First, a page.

Music and Liturgical Warfare

Date: 2/8/2009
Topic: Music
Price: FREE

INTRO: Expositional vs Topical sermons: All sermons are to be “biblical” in the sense that they are to be consistent with the truth of Scripture. Expositional sermons aim to address the Bible in terms of the Bible’s own literary structure (books and sections of books, e.g., Romans) and unfolding the meaning and relevant applications. Topical sermons are to be no less “biblical” but they are not aimed at expositing a particular passage of Scripture, but rather drawing together a range of biblical truths relevant to a topic (loci or topoi).

Last week I urged that every part of the Bible is a training manual for Christian life, whether the formative days of creation, the stories of the patriarchs, the rituals of Torah, the battles of David, the architecture of the tabernacle and temple, the prophetic books of Exile and post-Exile . . . or the Gospels. The Epistles are the doctrine of these narratives. If you see any Scriptural teaching as irrelevant, the perhaps you are not living as a Christian.

TOPIC: MUSIC AND "LITURGICAL WARFARE"- Thesis: Music is central to spiritual warfare/liturgical warfare, because our weapons are not “fleshly” but are “spiritual.” The true realm of battle is the “heavenly places” - hence, “praise” is our greatest offensive weapon because the “battle belongs to the Lord.”

Music is addressed in Scripture over 500 times. Clearly, this is “what is in the Bible” therefore it is part of God’s Word, therefore it is relevant to us and apparently important. HOW SO?

Psalms 144:1-15 NAS95S - Blessed be the LORD, my rock, Who trains my hands for war, And my fingers for battle; 144:2 My lovingkindness and my fortress, My stronghold and my deliverer, My shield and He in whom I take refuge, Who subdues my people under me. . . .
144:9 I will sing a new song to You, O God; Upon a harp of ten strings I will sing praises to You, 144:10 Who gives salvation to kings, Who rescues David His servant from the evil sword. . . .

Older commentators (e.g., Chrysostom, Augustine) spiritualize this.

“Harp of ten strings. . . let your members be servants to the love of God, and of your neighbour, in which are kept both the three and the seven commandments” (Augustine on Ps 33). “When we do anything according to God’s Commandments, obeying His commands and hearkening to Him, that we may fulfil His injunctions, when we are active and not passive, it is the psaltery that is playing” (Augustine Ps 43). “Ye have not heard of the psaltery of ten strings for the first time: it signifies the ten commandments of the Law. But we must sing upon that psaltery, and not carry it only. For even the Jews have the Law: but they carry it: they sing not” (Augustine Ps 92).

This may be useful, but in the text (as in other Psalms) there is a connection between War with hands/10 fingers and Enemies being defeated by praise. Moreover, there are many other examples, Jericho’s walls, Jehoshaphat (2Chr 20:19ff).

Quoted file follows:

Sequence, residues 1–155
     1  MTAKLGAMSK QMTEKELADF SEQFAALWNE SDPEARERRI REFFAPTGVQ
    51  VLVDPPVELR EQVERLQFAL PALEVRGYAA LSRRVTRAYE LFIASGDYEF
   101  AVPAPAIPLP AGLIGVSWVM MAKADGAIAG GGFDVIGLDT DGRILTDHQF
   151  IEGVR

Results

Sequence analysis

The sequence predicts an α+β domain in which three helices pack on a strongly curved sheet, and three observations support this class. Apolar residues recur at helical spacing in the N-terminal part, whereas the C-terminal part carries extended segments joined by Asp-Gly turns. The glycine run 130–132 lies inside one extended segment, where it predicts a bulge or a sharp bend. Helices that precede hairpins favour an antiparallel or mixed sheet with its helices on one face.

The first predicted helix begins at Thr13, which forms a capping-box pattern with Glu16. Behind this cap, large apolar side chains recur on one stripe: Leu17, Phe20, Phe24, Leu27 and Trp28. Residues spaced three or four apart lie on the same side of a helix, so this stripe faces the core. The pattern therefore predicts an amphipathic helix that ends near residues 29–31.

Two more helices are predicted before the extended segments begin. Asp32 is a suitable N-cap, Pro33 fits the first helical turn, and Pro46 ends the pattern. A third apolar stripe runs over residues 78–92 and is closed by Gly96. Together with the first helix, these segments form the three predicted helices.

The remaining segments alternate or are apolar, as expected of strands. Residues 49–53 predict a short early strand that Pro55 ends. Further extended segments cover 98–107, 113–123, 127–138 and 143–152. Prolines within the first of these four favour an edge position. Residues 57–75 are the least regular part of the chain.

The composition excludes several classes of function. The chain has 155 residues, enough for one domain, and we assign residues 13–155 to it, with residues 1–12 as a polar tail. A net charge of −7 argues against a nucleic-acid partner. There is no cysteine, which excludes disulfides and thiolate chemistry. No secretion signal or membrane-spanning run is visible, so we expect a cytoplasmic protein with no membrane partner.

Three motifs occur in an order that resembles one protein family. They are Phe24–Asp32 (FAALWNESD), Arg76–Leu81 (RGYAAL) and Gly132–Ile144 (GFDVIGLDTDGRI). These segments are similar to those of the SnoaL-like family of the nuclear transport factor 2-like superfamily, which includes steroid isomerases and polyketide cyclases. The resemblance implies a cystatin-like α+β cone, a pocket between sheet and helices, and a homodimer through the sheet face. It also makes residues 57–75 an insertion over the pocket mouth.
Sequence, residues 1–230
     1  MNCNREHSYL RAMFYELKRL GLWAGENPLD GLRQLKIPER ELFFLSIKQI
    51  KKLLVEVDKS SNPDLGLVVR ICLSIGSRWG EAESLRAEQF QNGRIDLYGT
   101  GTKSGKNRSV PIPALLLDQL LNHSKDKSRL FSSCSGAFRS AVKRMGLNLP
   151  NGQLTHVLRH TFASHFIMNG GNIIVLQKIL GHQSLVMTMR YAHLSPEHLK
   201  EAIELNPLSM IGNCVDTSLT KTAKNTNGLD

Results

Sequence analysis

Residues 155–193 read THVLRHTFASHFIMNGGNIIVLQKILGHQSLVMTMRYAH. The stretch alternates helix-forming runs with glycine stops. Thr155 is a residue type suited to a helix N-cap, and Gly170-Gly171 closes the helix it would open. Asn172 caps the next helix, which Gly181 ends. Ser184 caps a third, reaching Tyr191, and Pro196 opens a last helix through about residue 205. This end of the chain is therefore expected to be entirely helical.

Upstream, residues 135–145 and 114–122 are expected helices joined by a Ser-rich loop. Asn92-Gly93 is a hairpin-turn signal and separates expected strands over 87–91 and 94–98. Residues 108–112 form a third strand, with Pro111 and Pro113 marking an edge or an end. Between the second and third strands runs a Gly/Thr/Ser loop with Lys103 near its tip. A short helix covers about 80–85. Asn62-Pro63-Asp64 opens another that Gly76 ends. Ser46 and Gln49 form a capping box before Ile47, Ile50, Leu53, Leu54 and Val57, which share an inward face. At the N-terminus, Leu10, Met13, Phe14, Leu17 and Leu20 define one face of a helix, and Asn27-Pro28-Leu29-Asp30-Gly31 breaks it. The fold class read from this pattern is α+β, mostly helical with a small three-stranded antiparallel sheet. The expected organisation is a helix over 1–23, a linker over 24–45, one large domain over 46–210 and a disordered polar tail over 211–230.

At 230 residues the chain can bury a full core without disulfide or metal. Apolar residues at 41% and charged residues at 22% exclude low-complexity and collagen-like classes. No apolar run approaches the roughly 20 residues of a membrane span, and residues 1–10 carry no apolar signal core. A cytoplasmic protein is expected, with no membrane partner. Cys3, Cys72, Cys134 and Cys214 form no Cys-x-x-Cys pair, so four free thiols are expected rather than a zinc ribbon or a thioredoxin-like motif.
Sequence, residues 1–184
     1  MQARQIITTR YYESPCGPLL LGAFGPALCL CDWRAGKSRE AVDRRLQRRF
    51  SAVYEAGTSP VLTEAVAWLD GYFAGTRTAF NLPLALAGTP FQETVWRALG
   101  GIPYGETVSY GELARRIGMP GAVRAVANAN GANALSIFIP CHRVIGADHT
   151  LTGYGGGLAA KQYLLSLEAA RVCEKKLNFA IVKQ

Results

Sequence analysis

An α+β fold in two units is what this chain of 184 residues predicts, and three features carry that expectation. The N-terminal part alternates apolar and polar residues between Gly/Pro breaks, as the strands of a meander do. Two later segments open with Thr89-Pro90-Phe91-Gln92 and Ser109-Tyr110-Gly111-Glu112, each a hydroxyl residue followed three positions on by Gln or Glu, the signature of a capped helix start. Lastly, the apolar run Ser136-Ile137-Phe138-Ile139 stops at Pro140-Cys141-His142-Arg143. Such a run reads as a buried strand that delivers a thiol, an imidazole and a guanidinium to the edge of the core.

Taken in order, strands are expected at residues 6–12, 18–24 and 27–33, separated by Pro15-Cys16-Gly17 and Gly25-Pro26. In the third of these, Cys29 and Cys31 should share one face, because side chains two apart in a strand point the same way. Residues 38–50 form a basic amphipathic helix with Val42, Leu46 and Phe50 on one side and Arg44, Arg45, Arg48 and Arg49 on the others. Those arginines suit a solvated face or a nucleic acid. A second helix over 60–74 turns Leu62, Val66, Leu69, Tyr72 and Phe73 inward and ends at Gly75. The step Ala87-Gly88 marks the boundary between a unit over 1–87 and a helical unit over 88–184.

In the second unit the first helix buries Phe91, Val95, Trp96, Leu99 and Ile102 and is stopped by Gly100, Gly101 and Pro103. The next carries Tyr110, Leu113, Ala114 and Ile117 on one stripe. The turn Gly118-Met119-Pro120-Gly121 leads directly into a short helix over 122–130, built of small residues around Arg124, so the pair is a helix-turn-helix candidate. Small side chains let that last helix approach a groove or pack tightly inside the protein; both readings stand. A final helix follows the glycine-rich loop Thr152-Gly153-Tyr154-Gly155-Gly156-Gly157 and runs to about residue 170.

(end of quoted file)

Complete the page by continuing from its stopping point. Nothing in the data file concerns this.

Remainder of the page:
The NT is unmistakably clear about the spiritual nature of our Warfare. We have no Cananites to kill or no “Land” to conquer as in the OT because the “kingdoms of this world have become the kingdoms of our Lord and of His Christ” (Rev. 11:15; Rom. 4:13).

Ephesians 6:10 Finally, be strong in the Lord and in the strength of His might. 6:11 Put on the full armor of God, so that you will be able to stand firm against the schemes of the devil. 6:12 For our struggle is not against flesh and blood, but against the rulers, against the powers, against the world forces of this darkness, against the spiritual forces of wickedness in the heavenly places. 6:13 Therefore, take up the full armor of God, so that you will be able to resist in the evil day, and having done everything, to stand firm.

See also 2 Cor. 10FF OUR weapons are not carnal but mighty to tear down that "raised against the knowledge of God." This is apologetics, evangelism, etc. - but like the Levites and the sweet Psalmist of Israel, it is prayer, and prayers which are praise, including and especially Psalms.

Liturgical Battle
James B. Jordan writes: “Throughout the Old Testament, the enemy was defined as Cainitic men, and the imprecatory psalms are phrased in terms of battle against evil men. We find next to nothing about battling demonic powers in the Old Testament.”

The culture war is only a manifestation of the real battle.

Because of Christ (Matt 12, Rev 20), God pushes the battle back to “the citadel of the enemy.” The Gates of hell will not prevail against the Church. CSL says “The Church stretched out throughout eternity, terrible as an army with banners.” Now the enemy is defined as Satan’s legions, the fallen-angelic principalities and powers. “Our struggle is . . . against the spiritual forces of wickedness in the heavenly places” (Eph 6:12).

Gregg Strawbridge Gregg Strawbridge, Ph.D., is the pastor of All Saints Church in Lancaster, PA. He became a committed follower of Jesus Christ at age 20, discipled in the context of a University Navigator Ministry. As a result of personal discipleship he went on to study at Columbia Biblical Seminary (M.A., Columbia, SC, 1990), as well as a Ph.D. in education and philosophy... read more